Soul-wrenching insight on creative blocks from The War of Art

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warartI was stunned and awed this weekend when I read a great book on creative blocks called The War of Art by Steven Pressfield (thanks, Kelly, for suggesting it!)  Best known as a novelist of books such as The Legend of Bagger Vance, Gates of Fire, Tides of War, and The Last of the Amazons, in this non-fiction book, Pressfield writes a short but exquisite analysis of the source, purpose and solution to creative blocks.  It was published in 2002, but is a timeless classic for anyone who feels blocked from starting anything.

In this week’s 7 1/2 minute podcast (listen here), I chose a few key concepts to explore, including:

  1. What is resistance?
  2. What is its aim?
  3. What is a quick way to overcome it?

I share some juicy passages from the book, which REALLY got me fired up to stop procrasinating and get moving on long-stalled creative projects like my book that I have been avoiding writing for ages.  Here is a little taste:

“Resistance will tell you anything to keep you from doing your work.  It will perjure, fabricate, falsify; seduce, bully, cajole.  Resistance is protean.  It will assume any form, if that’s what it takes to deceive you.  It will reason with you like a lawyer or jam a nine-millimeter in your face like a stickup man.  Resistance has no conscience.  It will pledge anything to get a deal, then double-cross you as soon as your back is turned.  If you take Resistance at its word, you deserve everything you get.  Resistance is always lying, and always full of shit.”

I am very curious what your experience has been with creative blocks, and what you have done to move past them.  Please share them here, as I know that defeating the dragon of resistance is the difference between success or failure for a lot of us.

P.S.  I got so fired up about the book that I invited Steven Pressfield to be a guest on my radio show.  He agreed, but schedule-wise it will be in about a month.  I can’t WAIT for this conversation, as he has an amazing personal story and very profound insight into this topic.

P.P.S.  Yes, if you listened to this podcast, you heard a little bit of 2-year old screaming in the background … I didn’t have the time to re-do or edit the recording, so forgive my imperfection as a sign of DO-ING to slay the dragon.  🙂

13 Responses to “Soul-wrenching insight on creative blocks from The War of Art”

  1. Doug says:

    Interesting pod-cast. That all sounds way too macho fight fight fight ra-ra-ra for me, but the idea is sound.

    For a less testosterone filled way of overcoming resistance, I highly recommend Robert Maurer’s book “One Small Step Can Change Your Life: The Kaizen Way”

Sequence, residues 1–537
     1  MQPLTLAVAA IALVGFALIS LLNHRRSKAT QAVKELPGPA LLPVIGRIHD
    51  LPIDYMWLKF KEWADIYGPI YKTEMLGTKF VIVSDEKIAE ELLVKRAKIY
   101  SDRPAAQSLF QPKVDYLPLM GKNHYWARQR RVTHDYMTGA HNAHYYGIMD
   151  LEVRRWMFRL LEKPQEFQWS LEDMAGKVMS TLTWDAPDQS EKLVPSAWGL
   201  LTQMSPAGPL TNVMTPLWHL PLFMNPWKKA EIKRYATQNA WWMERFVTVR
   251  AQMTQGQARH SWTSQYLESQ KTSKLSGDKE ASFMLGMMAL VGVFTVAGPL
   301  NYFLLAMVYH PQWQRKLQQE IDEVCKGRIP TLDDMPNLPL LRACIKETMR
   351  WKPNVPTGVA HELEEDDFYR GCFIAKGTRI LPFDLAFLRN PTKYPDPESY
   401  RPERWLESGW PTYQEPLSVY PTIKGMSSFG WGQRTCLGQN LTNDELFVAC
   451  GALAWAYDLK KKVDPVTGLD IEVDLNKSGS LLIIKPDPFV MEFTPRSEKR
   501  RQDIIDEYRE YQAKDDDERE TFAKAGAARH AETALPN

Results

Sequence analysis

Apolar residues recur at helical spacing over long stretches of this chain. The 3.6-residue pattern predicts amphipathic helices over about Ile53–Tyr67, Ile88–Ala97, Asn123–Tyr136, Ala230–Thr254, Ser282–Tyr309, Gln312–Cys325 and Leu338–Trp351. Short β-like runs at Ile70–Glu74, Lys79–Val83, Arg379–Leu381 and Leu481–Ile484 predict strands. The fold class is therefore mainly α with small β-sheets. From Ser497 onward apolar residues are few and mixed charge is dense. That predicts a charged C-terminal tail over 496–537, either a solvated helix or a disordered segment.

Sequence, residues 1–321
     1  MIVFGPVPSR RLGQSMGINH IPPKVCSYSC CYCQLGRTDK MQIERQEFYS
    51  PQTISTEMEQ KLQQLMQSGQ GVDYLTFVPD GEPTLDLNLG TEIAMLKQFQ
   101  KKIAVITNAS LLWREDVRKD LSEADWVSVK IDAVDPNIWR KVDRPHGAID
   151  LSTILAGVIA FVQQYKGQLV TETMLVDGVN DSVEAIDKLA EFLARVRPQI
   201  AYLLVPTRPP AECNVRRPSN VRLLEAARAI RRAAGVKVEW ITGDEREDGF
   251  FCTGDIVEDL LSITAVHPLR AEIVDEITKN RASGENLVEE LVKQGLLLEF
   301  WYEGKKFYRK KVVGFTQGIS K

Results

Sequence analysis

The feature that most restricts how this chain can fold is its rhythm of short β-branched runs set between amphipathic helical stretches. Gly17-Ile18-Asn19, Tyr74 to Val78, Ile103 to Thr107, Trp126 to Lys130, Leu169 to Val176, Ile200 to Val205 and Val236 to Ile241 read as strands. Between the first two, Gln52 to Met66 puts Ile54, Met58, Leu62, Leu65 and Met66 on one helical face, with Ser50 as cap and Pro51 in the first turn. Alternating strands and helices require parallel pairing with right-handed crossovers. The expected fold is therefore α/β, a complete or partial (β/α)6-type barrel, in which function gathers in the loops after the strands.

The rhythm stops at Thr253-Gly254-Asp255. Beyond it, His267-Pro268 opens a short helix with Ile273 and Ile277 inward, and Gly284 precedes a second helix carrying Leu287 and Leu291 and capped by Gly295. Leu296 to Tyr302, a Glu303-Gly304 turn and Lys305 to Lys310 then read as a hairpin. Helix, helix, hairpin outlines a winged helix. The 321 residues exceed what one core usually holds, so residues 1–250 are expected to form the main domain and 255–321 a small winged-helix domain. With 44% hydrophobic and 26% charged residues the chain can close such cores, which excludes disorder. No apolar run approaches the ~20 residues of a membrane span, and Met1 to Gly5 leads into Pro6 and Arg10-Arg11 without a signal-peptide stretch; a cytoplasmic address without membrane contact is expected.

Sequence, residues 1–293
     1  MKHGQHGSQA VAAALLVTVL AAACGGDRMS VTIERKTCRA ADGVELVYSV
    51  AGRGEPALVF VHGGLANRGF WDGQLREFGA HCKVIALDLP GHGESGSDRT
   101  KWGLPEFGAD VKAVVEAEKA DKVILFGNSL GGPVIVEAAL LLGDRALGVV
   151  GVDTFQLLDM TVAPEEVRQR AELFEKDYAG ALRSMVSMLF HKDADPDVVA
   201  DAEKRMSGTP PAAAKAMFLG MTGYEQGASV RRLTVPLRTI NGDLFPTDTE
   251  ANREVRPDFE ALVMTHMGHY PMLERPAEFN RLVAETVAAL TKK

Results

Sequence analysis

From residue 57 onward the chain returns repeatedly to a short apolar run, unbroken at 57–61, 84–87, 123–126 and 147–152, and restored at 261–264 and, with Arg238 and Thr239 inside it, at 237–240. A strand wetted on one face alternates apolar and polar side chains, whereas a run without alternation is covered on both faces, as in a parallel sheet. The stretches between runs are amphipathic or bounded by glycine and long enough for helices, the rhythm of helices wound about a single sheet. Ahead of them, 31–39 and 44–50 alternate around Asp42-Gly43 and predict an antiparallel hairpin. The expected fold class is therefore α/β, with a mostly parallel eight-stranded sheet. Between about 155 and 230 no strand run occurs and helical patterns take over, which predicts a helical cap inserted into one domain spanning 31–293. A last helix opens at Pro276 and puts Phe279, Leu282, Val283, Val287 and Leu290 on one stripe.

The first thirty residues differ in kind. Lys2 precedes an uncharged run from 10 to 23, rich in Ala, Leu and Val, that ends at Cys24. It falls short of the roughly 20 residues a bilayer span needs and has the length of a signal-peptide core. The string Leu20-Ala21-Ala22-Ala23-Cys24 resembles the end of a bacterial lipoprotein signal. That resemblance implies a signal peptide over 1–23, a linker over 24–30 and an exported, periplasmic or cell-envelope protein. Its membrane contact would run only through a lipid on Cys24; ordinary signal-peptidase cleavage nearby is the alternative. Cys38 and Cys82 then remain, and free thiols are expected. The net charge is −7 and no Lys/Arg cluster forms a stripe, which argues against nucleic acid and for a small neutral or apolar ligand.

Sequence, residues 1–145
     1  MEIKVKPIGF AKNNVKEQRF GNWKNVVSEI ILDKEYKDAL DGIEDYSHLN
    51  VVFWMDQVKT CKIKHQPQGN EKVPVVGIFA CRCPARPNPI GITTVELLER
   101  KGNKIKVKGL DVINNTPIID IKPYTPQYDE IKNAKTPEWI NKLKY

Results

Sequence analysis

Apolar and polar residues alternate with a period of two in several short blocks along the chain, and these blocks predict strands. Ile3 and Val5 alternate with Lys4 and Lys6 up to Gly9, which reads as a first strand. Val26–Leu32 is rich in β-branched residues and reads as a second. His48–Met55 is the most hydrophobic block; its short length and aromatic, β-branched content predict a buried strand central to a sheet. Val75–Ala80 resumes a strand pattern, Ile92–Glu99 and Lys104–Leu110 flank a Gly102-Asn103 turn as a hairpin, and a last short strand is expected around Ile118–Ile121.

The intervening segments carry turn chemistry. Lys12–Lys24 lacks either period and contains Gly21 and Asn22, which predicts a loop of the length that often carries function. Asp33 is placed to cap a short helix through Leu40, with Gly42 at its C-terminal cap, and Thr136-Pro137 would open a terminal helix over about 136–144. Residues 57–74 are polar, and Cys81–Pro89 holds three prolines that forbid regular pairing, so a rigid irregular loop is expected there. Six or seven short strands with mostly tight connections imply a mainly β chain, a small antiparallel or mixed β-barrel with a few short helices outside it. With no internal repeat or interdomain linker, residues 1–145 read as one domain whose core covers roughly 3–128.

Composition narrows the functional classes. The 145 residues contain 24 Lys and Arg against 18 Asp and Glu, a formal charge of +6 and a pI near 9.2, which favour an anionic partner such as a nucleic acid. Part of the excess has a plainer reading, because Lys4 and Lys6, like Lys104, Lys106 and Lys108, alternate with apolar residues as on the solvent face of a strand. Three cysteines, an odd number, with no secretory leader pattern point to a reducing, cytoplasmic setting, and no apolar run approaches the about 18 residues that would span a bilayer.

The gist of Maurer’s philosophy is to use Kaizen (a Japanese word for an American concept) to bypass resistance by taking steps so small resistance won’t notice. His take on what resistance “is” is a bit different, perhaps, than what you talk about here.

    Regardless of that fine point, the common idea being to get things done.

    I can just hear the type-A’s Resistance saying: No, No, No, Hurry Hurry Hurry, you have to do it all at once, no time to do it in small pieces!

    All at once, of course, is way too big to handle, so Resistance will block that… It is just sending you down a road it knows it can block you from going. Heh.

    Anyways, thought provoking post/pod-cast, wanted to point out that there were other ways to approach that dragon. 🙂

  2. Sue says:

    Pamela,

    You are my rock right now; I just had to write and let you know. My husband wrote you a few days ago about my blocks and like a gift you come back with this.

    Almost every book and inspiration that I’m using right now has come from you in some way! (North Star and others!) You have impeccable taste and are a grace filled channel of insights. It’s always a pleasure to see what you’re sharing next.

    I laughed at myself like I haven’t done for a while, and realized the measure of the beast I’ve been wrestling for so long. I see myself reading this over and over to break the chain. It’s a bona fide life saver!

    Multiple thanks for every insight.

  3. Niels Teunis says:

    That is a hugely important point. But I want to offer an additional option. Sometimes our resistance is in our favor. It tells us that we really shouldn’t be doing what we thought we should be doing. Resistance will let us know when we are following conventional ideas that tell us what we should be doing, even though, deep down, we don’t want to be doing them.

    I know that this is true for me. If something looks to everybody like I should be doing it, but really, it isn’t for me, I will resist it with all my might. Only later will I realize that resistance helped me out and prevented me from doing what I was only trying to do, because it looked like the right thing to do. From a conventional, perhaps convenient point of view.

  4. Mike says:

    Pam,

    Steven’s advice to stand toe-to-toe with Resistance and slug it out, again and again, is right on the money.

    I know from recent experience. I had been letting ‘R’ keep me from writing for a very long time. Always a great excuse not to. Then two weeks ago I decided to just start. At the start of June I began writing an outline. It wasn’t fun but I kept at it. In four days I had rewritten several times something I thought I could fill out.

    Then I started writing the actual text. Sometimes the text flowed naturally, but just as often nothing came out, so I forced myself to write crap I knew I’d cross out the next day. But I kept the pencil moving (it feels good in my hand; what can I say?).

    When I got stuck, if nothing came out, I went onto a section that yielded results. Family strifes and work issues intervened regularly. I was beat and didn’t want to continue. Resistance reared its ugly head nightly (couldn’t abandon my day job for this), but I persisted.

    After two weeks I had something
    to show for my efforts.

    Just pound away and don’t judge. Eventually you’ll find the melody of your song. Note: you may want to wear earplugs at first! 😉

    Mike

    Then sometimes

  5. Duane Benson says:

    Hi Pamela;

    I have to be pretty close to the champion of letting creative blocks get to me. Or, at least I used to be. I got a bit better.